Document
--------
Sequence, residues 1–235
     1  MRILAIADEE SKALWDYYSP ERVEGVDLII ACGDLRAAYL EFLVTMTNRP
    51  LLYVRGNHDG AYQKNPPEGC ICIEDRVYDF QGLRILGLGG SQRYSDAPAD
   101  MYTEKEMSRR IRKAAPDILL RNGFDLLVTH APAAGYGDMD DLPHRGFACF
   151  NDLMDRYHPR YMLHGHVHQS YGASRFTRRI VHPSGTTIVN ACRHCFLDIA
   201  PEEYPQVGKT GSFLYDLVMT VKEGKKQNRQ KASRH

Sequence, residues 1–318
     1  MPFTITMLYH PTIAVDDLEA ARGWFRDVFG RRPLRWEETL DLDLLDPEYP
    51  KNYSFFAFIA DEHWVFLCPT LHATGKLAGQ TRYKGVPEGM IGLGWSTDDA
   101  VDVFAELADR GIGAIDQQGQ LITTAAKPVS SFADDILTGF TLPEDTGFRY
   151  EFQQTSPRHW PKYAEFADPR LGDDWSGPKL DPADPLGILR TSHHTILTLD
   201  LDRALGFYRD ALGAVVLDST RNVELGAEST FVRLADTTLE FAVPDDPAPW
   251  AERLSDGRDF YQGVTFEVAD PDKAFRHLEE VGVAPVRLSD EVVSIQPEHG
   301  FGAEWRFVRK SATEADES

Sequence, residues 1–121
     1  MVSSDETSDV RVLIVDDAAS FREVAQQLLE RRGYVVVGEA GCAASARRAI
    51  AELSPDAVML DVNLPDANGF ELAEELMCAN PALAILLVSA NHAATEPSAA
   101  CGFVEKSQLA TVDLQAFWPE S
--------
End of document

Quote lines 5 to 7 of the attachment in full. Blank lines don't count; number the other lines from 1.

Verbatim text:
   151  NDLMDRYHPR YMLHGHVHQS YGASRFTRRI VHPSGTTIVN ACRHCFLDIA
   201  PEEYPQVGKT GSFLYDLVMT VKEGKKQNRQ KASRH

Sequence, residues 1–318